#5, JORDAN’S HENNY (30-1): She put in a game effort behind Miss Sky Warrior in the Davona Dale, but I think there are some distance limitations here, and she’s likely to get caught up in a fast pace. I’ll pass.
#6, VEXATIOUS (20-1): She lost momentum at a few key points in the Fantasy as she was bumped around at the top of the stretch and then had to alter course in the final sixteenth of a mile. I don’t think she would have beaten Ever So Clever that day, but she may have more upside than that rival, and she looks like a filly who should love the added ground. Another superfecta option.
#7, FARRELL (5-1): She’s won five of her last six starts and is a three-time Grade 2 winner. But the complimentary observations end there. She’s never run an especially fast race, and she’s been beating up on vastly inferior competition at Fair Grounds. She’s going to take money based on a few lopsided victories, and I think she’s going to be a massive underlay. It’s hard for me to envision her dealing with the speed of Paradise Woods and Miss Sky Warrior and putting those fillies away. I’m leaving her out of my exactas.
#8, SAILOR’S VALENTINE (30-1): While it was wrapped in its traditional Grade 1 packaging, the 2017 Ashland was hardly a Grade 1 product. The race was completely devoid of top fillies, and the painfully slow speed figures assigned to the race reflect that lack of quality. A moderate pace helped propel this longshot to victory, but she’s unlikely to repeat that feat against a true Grade 1 field. I’ll pass.
#9, WICKED LICK (30-1): Farrell’s bridesmaid has never won on dirt and had been soundly beaten in two N1X optional-claiming races prior to her three straight losses in stakes company. Serves as an indictment of Farrell’s form.
#10, MISS SKY WARRIOR (9-2): She is the only horse in this race to have won going this distance, and she’s done it twice. Her 115 TimeformUS Speed Figure for the Gazelle is the highest number earned outside of California by a 3-year-old filly, and she conceivably could have run faster as Paco Lopez eased her up through the final furlong of that race. So, where did that effort come from? She’s won five races in a row, but she had never run nearly that fast before. Did she just need her first race back off the bench in the Davona Dale, or did a speed bias at Aqueduct account for her massive improvement in the Gazelle? I think it’s more likely that the latter is true, but I wouldn’t necessarily discount her because of that. Lopez rides this filly very well and should have her perfectly positioned just off Paradise Woods early. Don’t be surprised if she’s still there in deep stretch
#11, TEQUILITA (20-1): Despite her being bred to run all day, she’s been given very few chances to stretch out in distance. She’s by Belmont Stakes winner Union Rags and is out of a half-sister to the graded-stakes-winning router Offlee Wild. She’s run well sprinting, even winning the Grade 2 Forward Gal at Gulfstream, but I think there’s a strong chance we haven’t yet seen her best. She’s a grinding type, so it’s no surprise that she couldn’t follow Salty’s assertive early move in the Gulfstream Park Oaks last time. However, she never gave up and was finishing well for second in the lane. Only needs to take a minor step forward to vault herself into the trifecta at a massive price.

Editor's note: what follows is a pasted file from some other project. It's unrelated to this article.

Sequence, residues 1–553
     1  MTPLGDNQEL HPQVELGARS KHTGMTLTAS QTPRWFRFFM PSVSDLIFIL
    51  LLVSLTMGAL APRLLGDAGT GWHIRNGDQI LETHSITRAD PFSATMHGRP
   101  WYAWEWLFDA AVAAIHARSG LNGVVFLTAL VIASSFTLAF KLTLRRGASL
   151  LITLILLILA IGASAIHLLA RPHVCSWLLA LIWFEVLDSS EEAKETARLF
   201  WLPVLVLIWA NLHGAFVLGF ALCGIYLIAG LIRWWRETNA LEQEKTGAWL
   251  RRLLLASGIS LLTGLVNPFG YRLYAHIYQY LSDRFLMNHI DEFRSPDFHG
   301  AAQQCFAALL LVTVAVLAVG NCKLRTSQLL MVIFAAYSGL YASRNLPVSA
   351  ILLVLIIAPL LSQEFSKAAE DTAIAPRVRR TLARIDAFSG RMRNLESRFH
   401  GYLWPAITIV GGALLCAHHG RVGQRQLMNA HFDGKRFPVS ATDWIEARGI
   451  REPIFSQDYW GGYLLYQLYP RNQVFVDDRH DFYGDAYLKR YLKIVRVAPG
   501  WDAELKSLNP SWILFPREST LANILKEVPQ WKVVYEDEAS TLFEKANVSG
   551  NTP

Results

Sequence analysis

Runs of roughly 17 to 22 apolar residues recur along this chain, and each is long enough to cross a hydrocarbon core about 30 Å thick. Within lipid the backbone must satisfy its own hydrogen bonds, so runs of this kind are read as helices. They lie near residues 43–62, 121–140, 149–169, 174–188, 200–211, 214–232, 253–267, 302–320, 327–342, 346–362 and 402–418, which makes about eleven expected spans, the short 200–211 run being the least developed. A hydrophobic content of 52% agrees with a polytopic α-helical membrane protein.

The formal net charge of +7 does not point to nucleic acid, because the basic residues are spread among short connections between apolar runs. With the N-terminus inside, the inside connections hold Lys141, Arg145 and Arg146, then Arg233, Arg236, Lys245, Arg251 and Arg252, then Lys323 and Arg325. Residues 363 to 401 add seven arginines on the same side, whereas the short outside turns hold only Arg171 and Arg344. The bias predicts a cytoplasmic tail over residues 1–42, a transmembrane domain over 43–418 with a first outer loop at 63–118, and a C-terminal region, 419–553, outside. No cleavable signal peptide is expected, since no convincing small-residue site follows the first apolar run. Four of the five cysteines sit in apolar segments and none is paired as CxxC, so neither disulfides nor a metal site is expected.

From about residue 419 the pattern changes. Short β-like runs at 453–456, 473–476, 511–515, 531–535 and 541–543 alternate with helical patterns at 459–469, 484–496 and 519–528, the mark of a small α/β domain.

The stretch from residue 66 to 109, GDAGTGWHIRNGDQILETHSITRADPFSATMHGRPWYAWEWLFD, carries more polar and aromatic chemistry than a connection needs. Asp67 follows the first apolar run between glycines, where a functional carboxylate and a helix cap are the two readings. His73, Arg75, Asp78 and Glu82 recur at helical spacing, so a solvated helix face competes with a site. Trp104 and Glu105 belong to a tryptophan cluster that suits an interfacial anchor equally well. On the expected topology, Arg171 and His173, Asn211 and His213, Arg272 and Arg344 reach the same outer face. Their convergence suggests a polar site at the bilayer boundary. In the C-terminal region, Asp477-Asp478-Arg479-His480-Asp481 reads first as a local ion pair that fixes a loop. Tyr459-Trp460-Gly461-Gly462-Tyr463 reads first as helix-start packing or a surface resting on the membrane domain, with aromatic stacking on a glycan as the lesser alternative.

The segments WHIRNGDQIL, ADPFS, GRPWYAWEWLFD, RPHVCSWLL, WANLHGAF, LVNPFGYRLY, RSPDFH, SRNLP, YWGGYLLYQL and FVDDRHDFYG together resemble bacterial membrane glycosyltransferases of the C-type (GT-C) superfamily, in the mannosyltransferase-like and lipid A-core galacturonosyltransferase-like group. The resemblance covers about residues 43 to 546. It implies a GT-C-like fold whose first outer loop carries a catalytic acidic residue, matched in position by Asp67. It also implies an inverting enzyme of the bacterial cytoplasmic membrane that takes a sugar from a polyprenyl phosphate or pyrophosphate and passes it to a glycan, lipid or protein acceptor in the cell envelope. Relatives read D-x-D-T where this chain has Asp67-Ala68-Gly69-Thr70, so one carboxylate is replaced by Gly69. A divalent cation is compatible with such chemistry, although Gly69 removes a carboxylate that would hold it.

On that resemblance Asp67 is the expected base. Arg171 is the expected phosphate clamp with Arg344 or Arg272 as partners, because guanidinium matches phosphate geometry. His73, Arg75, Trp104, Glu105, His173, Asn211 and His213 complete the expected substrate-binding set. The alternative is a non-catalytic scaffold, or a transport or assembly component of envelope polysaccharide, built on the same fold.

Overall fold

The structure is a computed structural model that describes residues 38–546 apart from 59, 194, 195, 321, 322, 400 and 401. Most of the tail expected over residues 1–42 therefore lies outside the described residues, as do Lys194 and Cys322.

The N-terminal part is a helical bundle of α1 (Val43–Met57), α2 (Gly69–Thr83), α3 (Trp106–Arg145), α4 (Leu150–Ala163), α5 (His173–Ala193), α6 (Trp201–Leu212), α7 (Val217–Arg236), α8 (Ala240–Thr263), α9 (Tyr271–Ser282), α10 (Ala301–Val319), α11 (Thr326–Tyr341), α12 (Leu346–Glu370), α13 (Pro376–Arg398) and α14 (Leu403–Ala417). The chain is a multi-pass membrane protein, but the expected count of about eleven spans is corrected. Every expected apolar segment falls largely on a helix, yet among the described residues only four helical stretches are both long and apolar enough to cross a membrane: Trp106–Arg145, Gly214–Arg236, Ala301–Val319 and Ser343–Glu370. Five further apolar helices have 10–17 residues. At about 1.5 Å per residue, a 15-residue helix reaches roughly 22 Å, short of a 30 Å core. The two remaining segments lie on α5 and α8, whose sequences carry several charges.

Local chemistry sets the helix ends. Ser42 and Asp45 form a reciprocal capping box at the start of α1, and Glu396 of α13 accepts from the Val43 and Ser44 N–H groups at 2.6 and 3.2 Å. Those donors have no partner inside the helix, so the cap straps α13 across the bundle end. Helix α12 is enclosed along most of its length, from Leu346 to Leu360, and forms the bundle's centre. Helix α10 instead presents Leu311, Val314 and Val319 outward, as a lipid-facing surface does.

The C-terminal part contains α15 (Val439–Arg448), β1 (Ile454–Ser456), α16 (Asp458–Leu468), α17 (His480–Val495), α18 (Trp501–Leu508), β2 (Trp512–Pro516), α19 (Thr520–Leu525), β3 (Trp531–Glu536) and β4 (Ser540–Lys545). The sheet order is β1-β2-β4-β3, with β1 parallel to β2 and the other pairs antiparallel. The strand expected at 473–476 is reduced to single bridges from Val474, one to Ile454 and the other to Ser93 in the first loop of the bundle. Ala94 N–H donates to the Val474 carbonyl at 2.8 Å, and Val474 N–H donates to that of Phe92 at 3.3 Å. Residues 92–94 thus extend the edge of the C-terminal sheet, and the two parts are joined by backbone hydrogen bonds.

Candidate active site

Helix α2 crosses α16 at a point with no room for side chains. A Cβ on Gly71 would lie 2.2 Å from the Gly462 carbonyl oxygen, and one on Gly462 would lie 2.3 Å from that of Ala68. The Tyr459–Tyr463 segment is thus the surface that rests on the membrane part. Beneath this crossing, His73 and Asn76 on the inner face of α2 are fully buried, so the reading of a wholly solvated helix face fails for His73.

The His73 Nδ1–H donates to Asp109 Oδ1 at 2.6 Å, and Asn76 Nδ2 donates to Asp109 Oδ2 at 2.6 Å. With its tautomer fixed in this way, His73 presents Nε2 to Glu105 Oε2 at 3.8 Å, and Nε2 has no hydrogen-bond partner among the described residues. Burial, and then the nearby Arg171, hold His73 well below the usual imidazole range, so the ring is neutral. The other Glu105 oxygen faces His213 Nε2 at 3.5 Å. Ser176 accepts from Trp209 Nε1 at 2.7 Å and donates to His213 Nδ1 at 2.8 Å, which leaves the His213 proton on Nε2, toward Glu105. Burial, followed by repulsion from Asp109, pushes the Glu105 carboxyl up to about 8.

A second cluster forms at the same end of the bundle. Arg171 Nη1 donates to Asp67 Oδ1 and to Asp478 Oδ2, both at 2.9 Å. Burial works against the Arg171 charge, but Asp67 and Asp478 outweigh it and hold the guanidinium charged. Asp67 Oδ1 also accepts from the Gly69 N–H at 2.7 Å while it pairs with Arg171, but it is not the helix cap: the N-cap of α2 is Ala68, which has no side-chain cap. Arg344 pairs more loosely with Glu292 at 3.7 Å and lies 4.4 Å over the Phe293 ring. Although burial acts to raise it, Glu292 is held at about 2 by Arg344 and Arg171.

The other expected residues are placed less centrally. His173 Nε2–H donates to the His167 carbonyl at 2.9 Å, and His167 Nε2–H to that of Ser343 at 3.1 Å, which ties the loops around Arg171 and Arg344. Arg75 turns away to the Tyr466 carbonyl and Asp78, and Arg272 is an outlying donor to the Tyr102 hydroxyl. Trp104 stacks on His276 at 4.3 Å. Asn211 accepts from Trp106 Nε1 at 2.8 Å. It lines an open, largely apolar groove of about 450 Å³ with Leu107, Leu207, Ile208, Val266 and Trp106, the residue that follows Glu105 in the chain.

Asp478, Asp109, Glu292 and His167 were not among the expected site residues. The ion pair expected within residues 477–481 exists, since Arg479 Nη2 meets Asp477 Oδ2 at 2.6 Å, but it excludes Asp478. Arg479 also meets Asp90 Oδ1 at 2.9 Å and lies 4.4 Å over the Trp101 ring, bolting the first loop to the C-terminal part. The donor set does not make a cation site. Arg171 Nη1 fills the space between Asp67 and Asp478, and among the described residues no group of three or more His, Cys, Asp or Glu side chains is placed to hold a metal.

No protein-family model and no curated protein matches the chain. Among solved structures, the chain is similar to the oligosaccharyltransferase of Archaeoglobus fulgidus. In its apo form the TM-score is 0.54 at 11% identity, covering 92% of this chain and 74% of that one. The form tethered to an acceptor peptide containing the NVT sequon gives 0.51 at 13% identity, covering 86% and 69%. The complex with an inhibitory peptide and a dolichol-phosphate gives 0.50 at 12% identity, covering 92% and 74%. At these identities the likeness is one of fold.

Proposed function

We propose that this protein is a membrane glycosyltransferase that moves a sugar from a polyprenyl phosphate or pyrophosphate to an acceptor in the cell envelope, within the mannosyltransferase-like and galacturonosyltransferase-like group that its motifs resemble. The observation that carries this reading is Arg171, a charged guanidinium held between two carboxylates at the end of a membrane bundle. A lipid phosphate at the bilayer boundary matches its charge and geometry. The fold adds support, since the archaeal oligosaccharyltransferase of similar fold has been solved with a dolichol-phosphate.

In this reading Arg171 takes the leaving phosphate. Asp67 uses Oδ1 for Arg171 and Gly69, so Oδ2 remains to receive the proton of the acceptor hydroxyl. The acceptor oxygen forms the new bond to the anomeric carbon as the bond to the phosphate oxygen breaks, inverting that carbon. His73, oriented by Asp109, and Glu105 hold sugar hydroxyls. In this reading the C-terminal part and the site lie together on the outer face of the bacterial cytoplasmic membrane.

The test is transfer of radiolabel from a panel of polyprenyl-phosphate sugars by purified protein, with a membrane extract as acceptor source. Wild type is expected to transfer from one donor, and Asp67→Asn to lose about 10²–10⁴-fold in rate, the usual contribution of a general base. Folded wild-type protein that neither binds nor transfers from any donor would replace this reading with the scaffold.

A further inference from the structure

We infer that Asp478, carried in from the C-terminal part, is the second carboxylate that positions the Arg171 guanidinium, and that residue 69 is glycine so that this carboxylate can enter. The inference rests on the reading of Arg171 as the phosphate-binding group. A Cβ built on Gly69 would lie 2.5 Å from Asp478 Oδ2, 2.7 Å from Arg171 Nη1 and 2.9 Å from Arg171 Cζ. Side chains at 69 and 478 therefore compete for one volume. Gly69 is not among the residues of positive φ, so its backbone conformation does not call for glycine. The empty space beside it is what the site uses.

#12, DADDYS LIL DARLING (20-1): Like Ever So Clever, she’ll be running late, but she would need a total pace meltdown to garner more than a very minor award. That win over a muddy Churchill Downs surface in the Pocahontas bodes well for her chances with rain forecast on Friday. Yet another superfecta possibility.
#13, ABEL TASMAN (5-1): Following the derailment of Unique Bella, she appeared to be one of a handful of fillies poised to assume the role of Kentucky Oaks favorite. However, a subpar effort in the Santa Anita Oaks left her as the forgotten horse while Paradise Woods became the talk of the town. Yet this Grade 1 winner is no slouch and may be the most serious threat to the favorite. She was the only horse able to put a scare into Unique Bella this year, and you can make some excuses for her disappointing final prep. She was away slowly and had to briefly steady leaving the backstretch before getting spun out wide on the turn for home. Perhaps she won’t beat Paradise Woods, but I’d be surprised if she doesn’t significantly cut into the gap.
#14, SALTY (6-1): She has a similar profile to Paradise Woods, as they both stepped up from maiden wins sprinting to register impressive graded-stakes victories in their third starts. She won the Gulfstream Park Oaks by more than four lengths, but her win may have been even more dominant than that margin suggests. She was off slowly and taken to the back of the pack early. However, Joel Rosario apparently misjudged the pace and sent her forward to make an aggressive early move into some solid fractions. Despite making the lead very early, she didn’t stop running and maintained her momentum through the wire. Her speed figures indicate that she fits with the top four or five best fillies in the field, and she may have more upside than most of them. The outside post is not ideal, but she seems talented enough to overcome some adversity. Has an outside chance to win if the favorite falters.